A Writer's Journey

March 22, 2011

Let’s Start at the Very Beginning…

Filed under: journey,writing — mackenziew @ 4:32 am
Tags: , , , ,

…A very good place to start, to quote “The Sound of Music.”

Yeah, I’m a musical theater nerd (in addition to being a history geek), so expect a few references to pop up every now and then.

But I figured I’d start at the beginning for this post. And I touched on the beginnings of my novel last post. But I want to touch on a different beginning. After all, this blog is called “A Writer’s Journey,” so I have to start at my own beginnings as a writer.

And my beginnings start as a reader. I’ve loved books since before I could start reading. My parents (and aunts and cousins and grandmothers) would read to me before I would go to sleep. I don’t know how many Disney books I’ve read or how many times my parents read “Noisy Nora” to me. And then I learned how to read and loved to take trips to the library. I soon progressed as a reader and it was quickly determined by the standardized tests I was subjected to as an elementary school student that I was generally reading two grades higher.

And as an avid reader, it would be only natural that I would start writing my own stories. My father works with computers, so one was always in my house as far as I can remember. One of the programs we bought for the computer was one that allowed me to write my own stories. I could also illustrate them as well and a computerized voice could read it back to me. (PS: If anyone remembers this program, I would love to know the name!) I loved that program and wish I could go back to reread some of the stories I wrote as a child.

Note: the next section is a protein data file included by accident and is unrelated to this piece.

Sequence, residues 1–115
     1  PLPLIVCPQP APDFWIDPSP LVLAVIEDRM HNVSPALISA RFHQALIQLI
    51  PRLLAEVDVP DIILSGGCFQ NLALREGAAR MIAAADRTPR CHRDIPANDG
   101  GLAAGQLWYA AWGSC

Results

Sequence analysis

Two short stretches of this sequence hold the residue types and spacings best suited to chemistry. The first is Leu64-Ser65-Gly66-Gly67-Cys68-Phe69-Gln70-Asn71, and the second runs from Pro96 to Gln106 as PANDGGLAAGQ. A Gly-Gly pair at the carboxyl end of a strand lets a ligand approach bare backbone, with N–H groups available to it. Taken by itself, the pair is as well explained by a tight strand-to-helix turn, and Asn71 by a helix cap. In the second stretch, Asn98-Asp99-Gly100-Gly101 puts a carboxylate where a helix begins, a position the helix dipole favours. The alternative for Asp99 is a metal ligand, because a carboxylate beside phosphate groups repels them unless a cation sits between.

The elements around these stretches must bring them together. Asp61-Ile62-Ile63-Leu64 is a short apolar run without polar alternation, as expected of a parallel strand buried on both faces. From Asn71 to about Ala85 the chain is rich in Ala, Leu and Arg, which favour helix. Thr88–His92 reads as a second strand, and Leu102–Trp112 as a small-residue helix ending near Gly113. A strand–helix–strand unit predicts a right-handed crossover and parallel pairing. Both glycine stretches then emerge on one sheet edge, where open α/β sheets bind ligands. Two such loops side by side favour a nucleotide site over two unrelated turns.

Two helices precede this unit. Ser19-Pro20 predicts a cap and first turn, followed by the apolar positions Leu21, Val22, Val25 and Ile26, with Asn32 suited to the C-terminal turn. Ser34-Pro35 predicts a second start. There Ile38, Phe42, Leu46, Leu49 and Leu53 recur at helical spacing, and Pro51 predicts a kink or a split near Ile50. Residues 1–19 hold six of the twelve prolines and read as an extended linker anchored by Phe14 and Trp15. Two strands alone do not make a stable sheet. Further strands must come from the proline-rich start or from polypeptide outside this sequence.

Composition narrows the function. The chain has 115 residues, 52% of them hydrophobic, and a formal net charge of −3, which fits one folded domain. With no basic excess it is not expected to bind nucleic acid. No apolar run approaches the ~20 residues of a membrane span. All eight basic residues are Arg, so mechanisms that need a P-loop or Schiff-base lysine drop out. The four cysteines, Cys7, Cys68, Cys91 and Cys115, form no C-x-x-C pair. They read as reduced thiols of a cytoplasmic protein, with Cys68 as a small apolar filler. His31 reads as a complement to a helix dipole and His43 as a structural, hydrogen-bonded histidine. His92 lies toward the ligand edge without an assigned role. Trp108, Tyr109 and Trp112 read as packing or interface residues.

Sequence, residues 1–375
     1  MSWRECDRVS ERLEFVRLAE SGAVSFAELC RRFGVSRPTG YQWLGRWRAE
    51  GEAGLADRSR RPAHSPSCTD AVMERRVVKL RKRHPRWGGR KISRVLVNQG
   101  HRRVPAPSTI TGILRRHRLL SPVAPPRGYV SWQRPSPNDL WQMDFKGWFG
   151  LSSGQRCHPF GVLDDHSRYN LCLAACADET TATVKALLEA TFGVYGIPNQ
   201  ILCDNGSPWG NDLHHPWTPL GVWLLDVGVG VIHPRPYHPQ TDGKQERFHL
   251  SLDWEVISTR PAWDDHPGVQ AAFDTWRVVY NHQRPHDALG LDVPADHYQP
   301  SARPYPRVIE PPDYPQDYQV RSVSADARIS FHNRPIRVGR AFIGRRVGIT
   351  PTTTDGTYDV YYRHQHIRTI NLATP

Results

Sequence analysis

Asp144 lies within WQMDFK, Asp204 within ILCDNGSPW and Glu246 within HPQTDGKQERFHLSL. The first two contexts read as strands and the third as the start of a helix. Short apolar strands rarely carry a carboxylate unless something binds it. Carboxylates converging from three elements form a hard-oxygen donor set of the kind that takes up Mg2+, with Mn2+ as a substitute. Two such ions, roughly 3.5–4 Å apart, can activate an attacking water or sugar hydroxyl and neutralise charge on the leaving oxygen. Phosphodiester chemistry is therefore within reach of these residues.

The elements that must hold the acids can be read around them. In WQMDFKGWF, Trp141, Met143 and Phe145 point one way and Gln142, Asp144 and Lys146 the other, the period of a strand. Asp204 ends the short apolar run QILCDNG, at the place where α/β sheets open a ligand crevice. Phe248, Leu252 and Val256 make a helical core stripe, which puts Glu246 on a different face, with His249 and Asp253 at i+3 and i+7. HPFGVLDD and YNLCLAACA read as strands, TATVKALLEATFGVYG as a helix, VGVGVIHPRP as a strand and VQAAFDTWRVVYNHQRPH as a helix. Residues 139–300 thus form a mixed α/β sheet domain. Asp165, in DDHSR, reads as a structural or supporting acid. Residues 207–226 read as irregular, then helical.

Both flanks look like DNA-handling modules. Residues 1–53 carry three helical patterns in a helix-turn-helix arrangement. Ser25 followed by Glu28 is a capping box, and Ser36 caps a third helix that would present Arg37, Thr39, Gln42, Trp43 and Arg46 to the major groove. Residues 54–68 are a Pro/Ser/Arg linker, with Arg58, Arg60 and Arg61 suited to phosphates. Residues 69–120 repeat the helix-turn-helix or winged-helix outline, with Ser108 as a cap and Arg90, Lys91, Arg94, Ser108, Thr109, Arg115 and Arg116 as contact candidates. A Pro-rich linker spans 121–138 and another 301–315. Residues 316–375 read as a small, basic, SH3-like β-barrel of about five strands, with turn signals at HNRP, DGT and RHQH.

As I approached adolescence, I befriended a girl in my girl scout troop who introduced me to the world of fan fiction. I soon started writing and I can really track my practice from my fan fiction profile. Some may see fan fiction writing as a cheat of sorts. But it’s a great way for a writer to hone their skills. The trick with fan fiction is that you are using characters and settings that are already established. Therefore, you must be able to keep these characters as they appear in the original work and be recognizable to fans. This helps an author work on characterization and how to convey it. Creating a setting is improved as many fandoms come from television or movies. Trying to describe what is seen on the screen can be daunting but helpful when it comes time to create one’s own setting.

When I first started writing, I made mistakes. Everyone does. I know my first character was what is termed a Mary Sue—a perfect character who does nothing wrong and gets her man immediately. I now know no one wants to read about those type of characters—a reader can’t identify with them! As my writing progressed, my characters became more rounded. (And I discovered a Mary Sue litmus test. Quite handy). I learned proper formatting. I would often have two characters speaking in the same paragraph, which is a writing no-no. My descriptive skills improved as did my dialogue.

Then in college, I was fifteen credits ahead thanks to all the AP tests I had taken in high school. And after taking a three credit internship the summer prior, I entered my last semester needing only nine credits. However to be considered a full time student and remain in campus housing, I needed twelve credits. So I took a fiction workshop as a “keep in housing” course. And I loved it. My professor had some very good tips and assigned us interesting writing assignments. One was to purposefully write the worst love scene ever. He even turned it into a competition. Trust me when I say the winner was bad.

The knowledge and practice I gained from that class is invaluable. And I am still submitting one of the stories I wrote in hopes that it’ll be published.

And that is my start as a writer. Do I still write fan fiction? Yes. I also still read and critique it, hoping to help the next generation as well. I encourage you all to read a fan fic. Some are bad, but there may be a true gem in there.

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